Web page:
Back in 2013, researchers at University of Texas, Austin demonstrated how they by building a GPS spoofer could manipulate ship navigation. 4 years later, around the same time Maersk was fighting the effect of NotPetya, an incident affecting GPS signals caused about 20 ships in the Black Sea to head towards a specific airport, far out of their positions. It has not been determined if this was a targeted spoofing attack or an unintentional incident. It did however demonstrate the effect of geolocation interference that today can be achieved using commercial hardware and software – compared to years of significant effort the researchers had to spend only a few years ago.

Like ships, assets in the Oil & Gas industry used in exploration, drilling, transportation and production, depends on a myriad of inter-connected industrial automation and control systems. Today, this industry is undergoing a massive digitalization process offering new insight, efficiency, optimization and the ability to keep people away from harmful tasks. Taking advantage of digitalization and increased connectivity however also means opening up OT systems to cyber threats.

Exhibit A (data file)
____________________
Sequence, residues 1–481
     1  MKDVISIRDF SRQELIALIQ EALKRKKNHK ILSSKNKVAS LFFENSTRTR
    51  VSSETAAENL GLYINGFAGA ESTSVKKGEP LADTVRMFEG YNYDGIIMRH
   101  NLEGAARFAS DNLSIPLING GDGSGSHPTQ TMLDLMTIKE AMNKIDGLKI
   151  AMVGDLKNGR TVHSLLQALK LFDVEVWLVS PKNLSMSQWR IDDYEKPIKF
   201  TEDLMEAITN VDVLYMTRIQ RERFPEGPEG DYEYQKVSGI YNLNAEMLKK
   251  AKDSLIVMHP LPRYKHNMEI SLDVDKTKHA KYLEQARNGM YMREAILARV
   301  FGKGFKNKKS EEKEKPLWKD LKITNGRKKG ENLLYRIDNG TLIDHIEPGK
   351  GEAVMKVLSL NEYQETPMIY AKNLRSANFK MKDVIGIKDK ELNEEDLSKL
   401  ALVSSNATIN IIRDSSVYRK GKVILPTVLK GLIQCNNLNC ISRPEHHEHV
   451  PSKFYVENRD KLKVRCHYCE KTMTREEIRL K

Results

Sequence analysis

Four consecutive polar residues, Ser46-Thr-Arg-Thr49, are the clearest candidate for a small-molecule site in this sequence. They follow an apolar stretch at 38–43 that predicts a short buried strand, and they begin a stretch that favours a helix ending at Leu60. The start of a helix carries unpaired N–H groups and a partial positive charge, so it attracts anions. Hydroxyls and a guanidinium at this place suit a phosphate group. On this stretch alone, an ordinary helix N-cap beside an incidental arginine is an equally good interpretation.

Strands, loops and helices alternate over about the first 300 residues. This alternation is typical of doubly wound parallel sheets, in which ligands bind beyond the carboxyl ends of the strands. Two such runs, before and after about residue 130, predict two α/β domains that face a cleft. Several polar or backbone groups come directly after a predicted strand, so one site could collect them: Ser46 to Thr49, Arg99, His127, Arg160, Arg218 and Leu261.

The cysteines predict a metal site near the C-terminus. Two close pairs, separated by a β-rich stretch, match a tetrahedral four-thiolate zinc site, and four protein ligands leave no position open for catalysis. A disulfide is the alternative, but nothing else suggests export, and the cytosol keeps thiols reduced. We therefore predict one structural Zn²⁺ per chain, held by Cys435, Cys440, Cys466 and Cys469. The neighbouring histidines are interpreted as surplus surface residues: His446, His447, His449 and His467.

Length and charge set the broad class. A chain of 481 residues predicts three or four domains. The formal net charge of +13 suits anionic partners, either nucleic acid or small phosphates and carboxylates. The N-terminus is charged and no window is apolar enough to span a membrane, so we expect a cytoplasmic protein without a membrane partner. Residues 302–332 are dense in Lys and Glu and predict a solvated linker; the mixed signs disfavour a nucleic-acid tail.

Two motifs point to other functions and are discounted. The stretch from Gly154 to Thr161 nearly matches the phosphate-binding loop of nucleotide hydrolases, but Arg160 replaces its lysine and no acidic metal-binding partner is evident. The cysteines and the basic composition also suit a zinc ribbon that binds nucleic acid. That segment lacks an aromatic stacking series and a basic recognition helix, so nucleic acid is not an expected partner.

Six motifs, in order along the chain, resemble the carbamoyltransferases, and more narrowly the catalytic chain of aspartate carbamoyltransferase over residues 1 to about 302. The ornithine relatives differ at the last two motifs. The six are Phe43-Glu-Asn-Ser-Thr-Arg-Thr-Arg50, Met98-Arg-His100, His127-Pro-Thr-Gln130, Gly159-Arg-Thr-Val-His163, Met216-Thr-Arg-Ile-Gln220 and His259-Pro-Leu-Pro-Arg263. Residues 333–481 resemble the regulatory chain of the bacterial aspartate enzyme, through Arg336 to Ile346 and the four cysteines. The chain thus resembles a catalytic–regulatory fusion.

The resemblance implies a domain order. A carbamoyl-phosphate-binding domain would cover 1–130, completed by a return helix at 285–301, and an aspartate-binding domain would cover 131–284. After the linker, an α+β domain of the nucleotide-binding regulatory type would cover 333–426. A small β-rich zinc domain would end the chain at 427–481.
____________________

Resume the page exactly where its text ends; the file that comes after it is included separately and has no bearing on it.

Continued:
Better security practices and solutions are required

At the same time as personnel in most professions today are increasingly impacted by digitalization, they are also equally impacted by the risk of cyber-attacks. Protecting both the IT and OT systems controlling industrial assets  requires a new way of thinking amongst all categories of personnel, not only those responsible for IT security.

International and national standardization and regulatory activities to protect OT systems in the Oil, Gas and Maritime industry are starting to take form. Examples are voluntary guidelines issued by or referred to by regulators. The goal of these guidelines is to ensure a common adequate level of security in all parts of the supply chain affecting Oil, Gas or Maritime assets. Often they refer to, or reference industry generic internationally recognized standards.

Below are e few examples relevant for Oil, Gas and Maritime asset owners:
NOG 104 – Norwegian Oil and Gas recommended guidelines on information security baseline requirements for process control, safety and support ICT systems, (Norway).
The NIST Cybersecurity Framework (NIST CSF) originally a U.S. standard aimed at operators of critical infrastructure. Now internationally recognized and widely used in various industries.